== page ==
Tips for better surfing also bear experimenting with. Some are: bigger text/smaller text, zooming, saving pages, printing pages and turning off animation. This is followed by several pages on phishing filter, privacy and cookies, and pop-up blocker; good stuff to check out.

Chapter 10 _ Windows Mail

Since I do not use Windows Mail, I skipped this chapter.

Chapters 11, 12, 13 and 14 cover a variety of hardware, help and various functions such as backing up, system restore and Windows Update, a nice reference as needed.

Chapter 15 _ Accounts and Logging On

This chapter describes in detail how to set up and use various accounts and setting up passwords for different users and it explains how to log on.

Chapter 16 _ Setting up a network and sharing files

This is the chapter I had been patiently leading up to. I wanted to network our two laptops and also share files on these computers. I wanted to gain an understanding of Vista before attempting this. As I already said under Chapter 2, I was able to create a wireless LAN and transfer software and files from the old to the new computer but the resulting transfer was very unsatisfactory. I figured out how to share files but I definitely need to refine that process as well and then learn how to synchronize files. I can't say this process was a snap but by persevering and referencing the book, I created an understanding of how to work the various pieces. Fine tuning with the help of Chapter 16 is still ongoing.

The book does a good job of explaining Vista and is easy to follow. There is so much information though that reading through it once does not mean you'll know it all or remember everything and I plan to keep it handy as a reference manual to be used as needed.

 
5.0

Windows Vista For Starters, The Missing Manual

By Darry D

from Undisclosed

Comments about oreilly Windows Vista for Starters: The Missing Manual:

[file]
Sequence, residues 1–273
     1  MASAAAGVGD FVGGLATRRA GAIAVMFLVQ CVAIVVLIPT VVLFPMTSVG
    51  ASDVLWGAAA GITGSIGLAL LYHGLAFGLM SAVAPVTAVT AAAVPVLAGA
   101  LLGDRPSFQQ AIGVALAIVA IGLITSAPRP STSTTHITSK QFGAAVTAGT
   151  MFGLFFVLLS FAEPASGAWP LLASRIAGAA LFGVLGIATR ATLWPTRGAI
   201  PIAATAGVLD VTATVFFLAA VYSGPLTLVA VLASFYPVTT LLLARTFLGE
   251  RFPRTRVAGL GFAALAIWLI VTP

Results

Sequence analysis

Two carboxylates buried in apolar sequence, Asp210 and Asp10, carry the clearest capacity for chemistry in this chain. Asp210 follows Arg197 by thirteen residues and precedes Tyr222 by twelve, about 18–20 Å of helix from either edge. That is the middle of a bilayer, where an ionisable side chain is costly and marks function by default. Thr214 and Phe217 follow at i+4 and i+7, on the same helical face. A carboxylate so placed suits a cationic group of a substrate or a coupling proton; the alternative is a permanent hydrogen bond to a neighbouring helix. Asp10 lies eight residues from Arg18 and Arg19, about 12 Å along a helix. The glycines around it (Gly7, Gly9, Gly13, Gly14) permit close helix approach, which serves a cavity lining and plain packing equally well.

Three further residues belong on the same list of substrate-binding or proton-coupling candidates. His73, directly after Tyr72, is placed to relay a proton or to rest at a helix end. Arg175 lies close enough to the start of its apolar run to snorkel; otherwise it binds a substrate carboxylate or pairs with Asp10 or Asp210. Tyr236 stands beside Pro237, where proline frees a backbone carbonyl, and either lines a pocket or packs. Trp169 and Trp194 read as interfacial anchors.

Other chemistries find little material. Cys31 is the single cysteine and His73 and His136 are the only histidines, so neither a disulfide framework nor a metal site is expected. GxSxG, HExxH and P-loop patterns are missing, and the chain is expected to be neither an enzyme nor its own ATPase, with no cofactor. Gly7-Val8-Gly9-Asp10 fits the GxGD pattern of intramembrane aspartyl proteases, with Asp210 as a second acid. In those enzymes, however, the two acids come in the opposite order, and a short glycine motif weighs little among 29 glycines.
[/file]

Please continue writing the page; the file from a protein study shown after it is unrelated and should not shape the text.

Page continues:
Since shortly before Windows Vista arrived and began to overtake other Windows operating system versions, there have been a lot of books published - all of which claim to tell you "all you need to know."

This is one book that fulfills that promise.

There are splashier, drawing- and photo-filled books, but this 385-page book cuts to the bottom line in telling and in showing you what you really need to know to use this operating system.

The 16-page index, alone, is worth the price of this book because it lists the key concepts and tasks a user needs to know and links you directly to the page or pages that will make that information useful.

There is no fluff in this book; only the facts and tasks needed to become a master at using this new operating system.

The illustrations and reproductions of screens are focused upon showing you what you need to see to understand the word descriptions surrounding them.

This knowledge-filled manual should be on every serious Windows Vista user's shelf with its well-worn pages revealing new concepts and better understanding every time the user opens it.

If you want cartoons and pretty pictures, buy a colorful book.

If you want to expand your horizons and your understanding of the power offered by Windows Vista, buy this book.